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This must be a joke... Please say its a joke
Can't say what it is, but cosmic strikes is something new. Because if you can't explain something invent a phenomena.
: Cosmic rays were discovered in 1912 by Victor Hess, when he found that an electroscope discharged more rapidly as he ascended in a balloon. He attributed this to a source of radiation entering the atmosphere from above, and in 1936 was awarded the Nobel prize for his discovery.
Watch and see, he will see those cosmic rays again on another image in a few weeks and come out with another thread (I'll even help him name it) "A Third Source Of light On Mars Images!"
originally posted by: Antigod
a reply to: Arken
After looking at image it's either:
Phobos or Deimos (Mar's moons)
Earth (I've seen images of earth from Mars and it looks a lot like that)
Nothing interesting, except that it's a photo from another planet of course.
originally posted by: wulff
ARKEN, if you would take the time to simply click on this: www.darkerview.com...
It explains how CCD cameras do this ALL the time and that is the source of this mans experiments!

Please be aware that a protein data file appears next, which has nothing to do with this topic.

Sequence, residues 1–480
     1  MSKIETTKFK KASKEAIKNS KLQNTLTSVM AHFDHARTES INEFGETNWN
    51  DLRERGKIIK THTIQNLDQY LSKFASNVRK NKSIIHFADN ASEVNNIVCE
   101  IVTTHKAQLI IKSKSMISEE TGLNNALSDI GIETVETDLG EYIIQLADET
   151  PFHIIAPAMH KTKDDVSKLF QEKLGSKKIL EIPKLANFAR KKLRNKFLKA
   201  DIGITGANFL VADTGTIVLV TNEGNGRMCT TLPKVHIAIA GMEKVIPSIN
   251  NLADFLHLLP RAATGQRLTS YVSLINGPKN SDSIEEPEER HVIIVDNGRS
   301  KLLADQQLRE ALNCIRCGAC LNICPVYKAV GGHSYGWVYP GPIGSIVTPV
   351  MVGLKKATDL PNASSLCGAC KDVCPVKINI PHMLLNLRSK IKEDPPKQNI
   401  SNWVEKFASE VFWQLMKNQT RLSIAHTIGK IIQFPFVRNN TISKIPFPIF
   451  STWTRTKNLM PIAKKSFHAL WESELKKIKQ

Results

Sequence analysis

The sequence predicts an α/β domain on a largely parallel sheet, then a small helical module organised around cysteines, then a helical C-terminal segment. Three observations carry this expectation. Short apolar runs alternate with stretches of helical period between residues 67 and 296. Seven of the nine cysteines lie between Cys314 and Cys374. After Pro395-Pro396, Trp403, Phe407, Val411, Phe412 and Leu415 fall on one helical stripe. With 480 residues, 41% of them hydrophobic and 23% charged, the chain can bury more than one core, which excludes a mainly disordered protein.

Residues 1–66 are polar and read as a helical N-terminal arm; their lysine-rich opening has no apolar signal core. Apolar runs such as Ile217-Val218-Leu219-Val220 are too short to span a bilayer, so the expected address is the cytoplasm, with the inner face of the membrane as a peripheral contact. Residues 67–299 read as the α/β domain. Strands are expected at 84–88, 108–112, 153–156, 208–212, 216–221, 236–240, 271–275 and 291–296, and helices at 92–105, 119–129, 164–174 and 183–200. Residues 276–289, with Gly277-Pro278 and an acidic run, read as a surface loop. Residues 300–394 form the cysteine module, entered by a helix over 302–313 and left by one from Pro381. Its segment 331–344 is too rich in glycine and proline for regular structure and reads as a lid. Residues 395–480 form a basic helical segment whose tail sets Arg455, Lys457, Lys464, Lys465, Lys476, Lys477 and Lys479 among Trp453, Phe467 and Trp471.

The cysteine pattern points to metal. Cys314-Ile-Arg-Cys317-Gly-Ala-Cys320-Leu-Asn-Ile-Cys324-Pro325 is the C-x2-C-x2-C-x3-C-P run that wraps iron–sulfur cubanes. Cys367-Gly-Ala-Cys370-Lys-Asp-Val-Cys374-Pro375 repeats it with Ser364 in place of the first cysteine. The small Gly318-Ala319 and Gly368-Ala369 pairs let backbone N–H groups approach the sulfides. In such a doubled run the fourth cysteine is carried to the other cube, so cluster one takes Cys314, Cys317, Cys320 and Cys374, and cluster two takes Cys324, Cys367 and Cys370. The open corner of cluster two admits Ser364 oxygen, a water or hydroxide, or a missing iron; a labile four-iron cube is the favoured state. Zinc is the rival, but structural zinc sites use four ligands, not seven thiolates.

He was getting 5 to 10 hits per hour and this is from earth.
You take hours to mull over a Mars photo and come up with a definite conclusion yet someone posts a link that will explain it in detail and you won't click it!
Is it because you don't want to know the truth?
Everyone loves a mystery, but when it's proved to be false it's time to move on!
You should think of your credibility on ATS, it's not exactly stellar!
As an experiment I took a camera based on an E2V CCD87 back thinned CCD and took continuous 10 minute dark frames overnight. In the morning I processed these frames by subtracting a master dark frame from each. What was left in each frame was a few bright points or streaks, each representing some high energy event that had occurred during the night. There were and average of five to ten events on each frame.
You take hours to mull over a Mars photo and come up with a definite conclusion
I don't have a definitive conclusion, instead of you or someone other like you. Mine are hipotesys based on the odds...
How many odds to detect the same phenomenon in a so restricted area and in a so short period of time?
Cosmic rays are charged particles that fly through the universe in every direction all the time. Every so often they'll collide with something like a camera. One sign of a cosmic ray hit, Maki said, is the appearance of the ray in images taken by one of Curiosity's eyes but not the other.
The daylight. They can't be detectded in broad day light, according to the source.
And Why your cosmic rays was never detected before?
Why only in these recent Sols?
What if the Rover will detected again the same phenomenon, in broad daylight, in the same area for more than one time?